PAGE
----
Today we switched things up a little bit. We have Lois Metzger on, who is celebrating the release of the paperback edition of her latest novel, A TRICK OF THE LIGHT. It came out last year, and if you haven't read it, the release of the paperback is the perfect excuse (other than it being amazing) to read it.
The Things You Leave Out by Lois Metzger
Characters drive a story, and to know your characters is to know how your story will be told. The wonderful science-fiction author, Kate Wilhelm, once asked me, “When your character leaves a room, how many steps does it take her to get from one end of the room to the other? Does she walk slowly or hurry along? Is the floor carpeted? What does the doorknob look like? You would never put all that in, but you’ve got to know it.”
Another friend, Gwyneth Cravens, also an excellent writer (of both fiction and nonfiction), later gave me something invaluable—a two-page, single-spaced questionnaire that could apply to every character in a story. Again, this was not information that necessarily made it into the final story, but it was extraordinarily helpful in creating fully realized characters. I use it always, listing my answers on a separate sheet of paper.
Here are some excerpts from that questionnaire:
How tall is your character, how much does he weigh, what is his coloring, the qualities of his skin and hair? How does he move his body, his limbs and facial muscles? Hands—what are they like? Is he a taker or giver? Where is his attention habitually fixed? Does he please or blame others? Does he work hard? Is he out for revenge? Is he fearful, melancholy, envious, self-punishing? What is the grit around which is pearl is formed? How would he pick up two bricks? Something fragile? Food? A living person? How does he keep his money? What is in his medicine cabinet? Does he mumble, leave off endings, refuse to finish sentences, ramble on, run words together? How do other people react to him? What cliché or proverb applies to him? What’s an apt nickname for him?
Think of him as having been given certain hypnotic commands as a child that he continues to carry out. What are they? Who gave them? (“You will never…” “You will always…”) Are parents easygoing? Stern? Is one parent sterner? About what? What makes them annoyed with character? What makes them laugh? What do they tell the character about his appearance and abilities? What do they warn against? Do the parents quarrel? What about? Do they treat character differently from siblings? What does character do to win their approval? What is their attitude if character does something well? How do they express disapproval? What do they disapprove of? Whom do they want character to associate with and why? What is the father’s attitude toward character? How does it differ from mother’s? What are the family attitudes toward money, religion, neighbors, the past? What are the forbidden topics? Does character defy parents? How? When? In deal with character, do parents tend to be perfectionistic, overindulgent, punitive, neglectful, absent?
What was character’s first big disappointment, first big satisfaction? What is character practical about? Emotional about? Intellectual about? Which predominates? Does he express himself primarily through action or emotion or intellect? What is he romantic about? What are his recurring dreams? Hobbies? Compared to his peers, does he seem older, younger, the same? Does he have a particular philosophy he tries to live up to? How does he fall short of it? What are three rules of life he might quote to you?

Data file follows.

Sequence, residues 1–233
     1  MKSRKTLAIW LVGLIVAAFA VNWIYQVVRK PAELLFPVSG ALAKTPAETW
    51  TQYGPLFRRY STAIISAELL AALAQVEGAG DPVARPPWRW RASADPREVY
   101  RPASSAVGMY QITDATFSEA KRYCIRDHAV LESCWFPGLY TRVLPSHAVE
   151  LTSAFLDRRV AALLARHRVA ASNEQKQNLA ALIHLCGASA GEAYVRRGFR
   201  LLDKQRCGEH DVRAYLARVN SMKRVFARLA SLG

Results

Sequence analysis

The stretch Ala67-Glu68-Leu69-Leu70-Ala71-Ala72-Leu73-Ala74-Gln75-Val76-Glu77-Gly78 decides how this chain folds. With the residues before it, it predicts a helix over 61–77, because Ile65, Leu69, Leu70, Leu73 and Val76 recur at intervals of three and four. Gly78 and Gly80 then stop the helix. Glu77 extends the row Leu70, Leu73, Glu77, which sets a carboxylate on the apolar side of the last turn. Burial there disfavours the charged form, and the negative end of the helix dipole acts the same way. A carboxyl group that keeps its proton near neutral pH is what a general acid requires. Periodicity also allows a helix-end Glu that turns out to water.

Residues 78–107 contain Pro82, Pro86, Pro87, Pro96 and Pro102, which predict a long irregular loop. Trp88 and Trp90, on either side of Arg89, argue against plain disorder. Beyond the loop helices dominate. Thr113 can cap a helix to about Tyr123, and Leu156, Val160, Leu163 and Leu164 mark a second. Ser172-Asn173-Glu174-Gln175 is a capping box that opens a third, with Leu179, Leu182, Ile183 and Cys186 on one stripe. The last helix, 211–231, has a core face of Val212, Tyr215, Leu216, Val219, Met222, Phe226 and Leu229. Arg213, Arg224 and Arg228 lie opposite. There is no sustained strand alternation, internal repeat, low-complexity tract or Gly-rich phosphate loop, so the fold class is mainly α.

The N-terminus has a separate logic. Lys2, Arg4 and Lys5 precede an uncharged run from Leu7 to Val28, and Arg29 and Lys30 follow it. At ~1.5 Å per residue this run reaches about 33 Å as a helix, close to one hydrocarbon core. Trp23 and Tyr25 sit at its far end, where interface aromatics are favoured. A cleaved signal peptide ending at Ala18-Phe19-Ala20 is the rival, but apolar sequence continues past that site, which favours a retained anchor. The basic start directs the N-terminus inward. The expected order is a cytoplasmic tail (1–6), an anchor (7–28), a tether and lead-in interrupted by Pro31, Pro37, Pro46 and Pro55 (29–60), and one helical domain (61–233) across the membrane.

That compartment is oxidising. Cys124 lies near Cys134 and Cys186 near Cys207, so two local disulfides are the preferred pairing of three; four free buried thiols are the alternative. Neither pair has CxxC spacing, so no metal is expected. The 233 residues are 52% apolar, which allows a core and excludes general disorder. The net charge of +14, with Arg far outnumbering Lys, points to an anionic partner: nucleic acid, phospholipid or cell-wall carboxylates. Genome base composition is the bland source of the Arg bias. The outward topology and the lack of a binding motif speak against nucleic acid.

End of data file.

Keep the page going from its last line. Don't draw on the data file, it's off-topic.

Where is he headed? What will he be like in five years? 10? 25? In what ways is he changing? In what ways is he fixed? What is his idea of the perfect day? What does he wish for the most? Dread the most? What are his special abilities? Flaws? Are the changes in the character apparent or real? What would he do if he learned he was going to die in 10 days? What is the purpose of his life, its meaning?
Even before I had the benefit of Kate Wilhelm’s advice and Gwyneth Cravens’ questionnaire, I stumbled onto something that paved the way. When I began writing, I wrote the diaries of several characters. I thought this would be a story in itself. It very much wasn’t. But it was a terrific way to get to know the characters, simply by following their thoughts and actions from the moment they woke up to the time they went to sleep. I ended up with about 300 pages of diary entries. I decided to write a short story about these characters. It was only about nine pages long and became my first published story (in an anthology edited by Kate Wilhelm). Because of those diaries, I knew all I needed to know. Because of everything I didn’t put in.
About The Author
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ABOUT THE BOOK
A Trick of the Light
by Lois Metzger
Balzer + Bray
Mike Welles had everything under control. He was a good student, an outfielder on the baseball team, a good son, a loyal friend. But that was before. Now things are rough at home, and they’re getting confusing at school. He’s losing his sense of direction, and he feels like a mess.Then there’s a voice in his head. A friend, trying to help him regain control. More than that: The voice can guide him to be better and stronger than he was before, to rid his life of everything holding him back. To figure out who he is again. If only Mike will listen.
Writing with devastating power and precision, acclaimed author Lois Metzger gives us the story of one young man’s battle with his own shadows—a spare, stark, and vital tale of the way in which the things we build to protect ourselves can threaten to destroy us.
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